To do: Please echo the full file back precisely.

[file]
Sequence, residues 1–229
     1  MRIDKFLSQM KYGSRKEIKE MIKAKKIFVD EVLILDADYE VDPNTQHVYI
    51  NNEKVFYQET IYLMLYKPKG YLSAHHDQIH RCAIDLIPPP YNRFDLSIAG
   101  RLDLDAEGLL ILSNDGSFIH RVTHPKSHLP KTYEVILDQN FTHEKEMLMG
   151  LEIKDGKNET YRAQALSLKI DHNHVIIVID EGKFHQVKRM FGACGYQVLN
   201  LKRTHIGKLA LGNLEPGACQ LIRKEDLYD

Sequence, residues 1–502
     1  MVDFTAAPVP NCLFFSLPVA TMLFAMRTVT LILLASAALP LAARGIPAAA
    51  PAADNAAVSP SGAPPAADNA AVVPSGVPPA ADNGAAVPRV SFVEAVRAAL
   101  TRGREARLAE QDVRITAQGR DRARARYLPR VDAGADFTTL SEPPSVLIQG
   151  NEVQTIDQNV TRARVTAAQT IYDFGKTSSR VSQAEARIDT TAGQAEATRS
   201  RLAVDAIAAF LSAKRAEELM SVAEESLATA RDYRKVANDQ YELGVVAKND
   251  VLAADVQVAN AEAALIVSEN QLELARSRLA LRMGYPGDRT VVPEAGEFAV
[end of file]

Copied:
Sequence, residues 1–229
     1  MRIDKFLSQM KYGSRKEIKE MIKAKKIFVD EVLILDADYE VDPNTQHVYI
    51  NNEKVFYQET IYLMLYKPKG YLSAHHDQIH RCAIDLIPPP YNRFDLSIAG
   101  RLDLDAEGLL ILSNDGSFIH RVTHPKSHLP KTYEVILDQN FTHEKEMLMG
   151  LEIKDGKNET YRAQALSLKI DHNHVIIVID EGKFHQVKRM FGACGYQVLN
   201  LKRTHIGKLA LGNLEPGACQ LIRKEDLYD

Sequence, residues 1–502
     1  MVDFTAAPVP NCLFFSLPVA TMLFAMRTVT LILLASAALP LAARGIPAAA
    51  PAADNAAVSP SGAPPAADNA AVVPSGVPPA ADNGAAVPRV SFVEAVRAAL
   101  TRGREARLAE QDVRITAQGR DRARARYLPR VDAGADFTTL SEPPSVLIQG
   151  NEVQTIDQNV TRARVTAAQT IYDFGKTSSR VSQAEARIDT TAGQAEATRS
   201  RLAVDAIAAF LSAKRAEELM SVAEESLATA RDYRKVANDQ YELGVVAKND
   251  VLAADVQVAN AEAALIVSEN QLELARSRLA LRMGYPGDRT VVPEAGEFAV